Born at Peoria, Illinois on the 17th. of November 1907. Graduated from Naval Academy in 1929. USS Snook was launched on the 15th. of August in 1942, and was commissioned on the 24th. of October that year, with Lieutenant Commander Charles Triebel in command.
Earlier, Charles whilst serving in USS Shark's shakedown cruise had visited Panama, when ashore he ran into trouble with some local thugs, and finished up having his throat cut, always to carry that scar.
He made five patrols in Snook, all from his Pearl Harbor base.
Patrol 1. April 1943 for 42 days in East China Sea area. Results, 3 ships sunk.
Patrol 2. June 1943 for 40 days returning to the East China Sea area. Results, 2 ships sunk.
Patrol 3. July 1943 for 52 days, again to the East China Sea area. Results, 2 ships sunk.
Patrol 4. October 1943 for 38 days in the Marianas area. Results, 2 ships sunk.
Patrol 5. November 1943, back to his main stamping ground, the East China Sea area. Results, 4.5 ships sunk.
Charles Triebel had a lot of problems with his torpedoes, and was most outspoken about the dereliction of duty by the Bureau of Ordinance in his correspondence, but he was protected by his Submarine Commander, Rear Admiral Lockwood, by not forwarding all his critical remarks up the line. Although Lockward did try to act on behalf of his Submarine Captains, and eventually was instrumental in fixing these torpedo defects, but as I commented earlier, it took an inordinate time to correct these problems.
Triebel was relieved of his command and was sent off to the Bureau of Ordinance, where he served out the war.
Charles Triebel was credited with sinking 13 ships to total 83,300 tons.
Janas changed these results to read 14 ships sunk to total 58,837 tons.
Three Navy Crosses.
Note. On her 9th. patrol USS Snook was lost with her 84 crew members in the Luzon Strait Area.
Charles O Triebel, 1959
10. John S. Coye Jr.
Final Rank: Rear Admiral.
Born on the 24th. of April 1911 at Berkeley, California. Graduated Naval Academy in 1933. After his submarine training he commanded R-18, and was eventually appointed to USS Silversides in command. She had been launched at Mare Island Naval Yard in California, on the 26th. of August 1941, named after a species of fish, to commission on the 15th. of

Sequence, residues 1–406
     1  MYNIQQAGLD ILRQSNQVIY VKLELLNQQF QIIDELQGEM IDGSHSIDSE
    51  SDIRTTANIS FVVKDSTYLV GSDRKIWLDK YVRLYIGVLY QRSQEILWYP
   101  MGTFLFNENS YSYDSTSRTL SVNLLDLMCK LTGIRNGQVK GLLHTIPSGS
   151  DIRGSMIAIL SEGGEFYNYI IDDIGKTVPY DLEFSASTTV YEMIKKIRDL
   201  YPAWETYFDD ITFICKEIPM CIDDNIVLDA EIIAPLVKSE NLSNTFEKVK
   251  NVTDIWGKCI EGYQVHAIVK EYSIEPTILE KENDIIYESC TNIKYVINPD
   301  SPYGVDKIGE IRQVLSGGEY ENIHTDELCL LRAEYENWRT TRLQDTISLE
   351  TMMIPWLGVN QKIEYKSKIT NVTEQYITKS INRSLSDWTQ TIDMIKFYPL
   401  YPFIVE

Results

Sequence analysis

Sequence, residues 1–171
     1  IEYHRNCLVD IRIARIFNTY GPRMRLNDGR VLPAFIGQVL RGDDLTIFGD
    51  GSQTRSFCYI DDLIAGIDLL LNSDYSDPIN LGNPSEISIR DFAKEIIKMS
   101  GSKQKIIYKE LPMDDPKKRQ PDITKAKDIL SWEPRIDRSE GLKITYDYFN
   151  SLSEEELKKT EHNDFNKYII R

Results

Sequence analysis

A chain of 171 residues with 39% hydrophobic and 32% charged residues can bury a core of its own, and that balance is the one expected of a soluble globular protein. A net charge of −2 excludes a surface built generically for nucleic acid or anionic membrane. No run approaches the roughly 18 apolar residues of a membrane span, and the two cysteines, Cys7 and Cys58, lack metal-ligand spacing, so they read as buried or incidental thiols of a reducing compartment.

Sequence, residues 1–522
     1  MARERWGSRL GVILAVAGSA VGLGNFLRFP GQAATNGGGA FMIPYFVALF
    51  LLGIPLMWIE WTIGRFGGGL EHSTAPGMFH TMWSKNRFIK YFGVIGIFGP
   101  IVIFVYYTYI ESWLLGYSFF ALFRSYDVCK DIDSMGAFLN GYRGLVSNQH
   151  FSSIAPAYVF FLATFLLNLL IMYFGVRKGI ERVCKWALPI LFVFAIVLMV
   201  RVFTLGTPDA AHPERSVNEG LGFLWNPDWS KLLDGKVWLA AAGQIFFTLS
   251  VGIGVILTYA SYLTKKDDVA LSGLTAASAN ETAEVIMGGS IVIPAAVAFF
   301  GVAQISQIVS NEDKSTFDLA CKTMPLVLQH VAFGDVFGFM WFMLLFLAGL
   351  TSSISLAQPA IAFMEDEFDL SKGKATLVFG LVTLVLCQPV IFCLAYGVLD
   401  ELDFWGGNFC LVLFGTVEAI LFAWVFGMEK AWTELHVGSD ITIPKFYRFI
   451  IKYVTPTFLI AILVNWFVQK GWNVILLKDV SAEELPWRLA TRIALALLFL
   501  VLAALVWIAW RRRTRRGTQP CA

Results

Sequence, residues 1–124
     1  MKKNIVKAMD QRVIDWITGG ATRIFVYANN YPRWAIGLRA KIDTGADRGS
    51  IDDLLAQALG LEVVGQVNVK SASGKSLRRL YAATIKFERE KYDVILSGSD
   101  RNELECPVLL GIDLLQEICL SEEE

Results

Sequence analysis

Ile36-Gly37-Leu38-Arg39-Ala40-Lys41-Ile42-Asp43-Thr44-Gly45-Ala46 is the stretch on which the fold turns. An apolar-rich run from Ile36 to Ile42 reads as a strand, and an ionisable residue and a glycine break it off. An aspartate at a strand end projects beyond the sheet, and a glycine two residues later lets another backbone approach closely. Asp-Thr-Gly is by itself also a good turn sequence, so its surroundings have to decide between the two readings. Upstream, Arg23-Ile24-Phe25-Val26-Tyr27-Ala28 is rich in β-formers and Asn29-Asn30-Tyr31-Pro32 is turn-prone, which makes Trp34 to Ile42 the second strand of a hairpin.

December 1941, close to Pearl Harbor Day.
Coye made three patrols in Silversides, two out of Pearl Harbor and one from Fremantle.
Patrol 1. July 1943 for 53 days to the Bismarck Sea area. Results, 4 ships sunk.
Patrol 2. October 1943 for 36 days to the Philippines area. Results, 4 ships sunk.
Patrol 3. April 1944 for 47 days towards the area of the Philippines. Results, 6 ships sunk.
John Coye served for 35 years in the US Navy, post war he commanded a heavy cruiser, and spent time with NATO.
His life long hobbies included playing organ music and sailing his Cal 25 boad Sea Dog. In 1975 he was Commodore of the Coronado Yacht Club. He died at age 91 on the 26th. of November 2002, leaving 5 grand children and 2 great grand children.
John was credited with sinking 14 ships to total 71,700 tons.
Janac reduced these results to 14 ships to toal 39,000 tons.
Three Navy Crosses.
USS Silversides is preserved and is now on display at Muskegon, Michigan in their Great Lakes Naval Memorial Museum.
John Coye Jr. 1961
Awards to the top 10 US Submarine Captains, and Unit Presidential Citations.
Medal of Honor.
Three times, to Richard O'Kane, Eugene Fluckey and Samuel Dealey.
Navy Cross.These 10 Captains between them were awarded the Navy Cross an amazing 29 times.
Once, to Samuel Dealey.
Unit Presidential Citation.
Four times, to USS Wahoo, USS Barb, USS Harder, and USS Flasher.
Final rank reached by the top 10 US Navy Submarine Captains.
Five reached the flag rank of Rear Admiral.
Two were Captains.
Two became Commanders.
There was only one Lieutenant Commander, Dudley Morton, who was killed when his boat was sunk.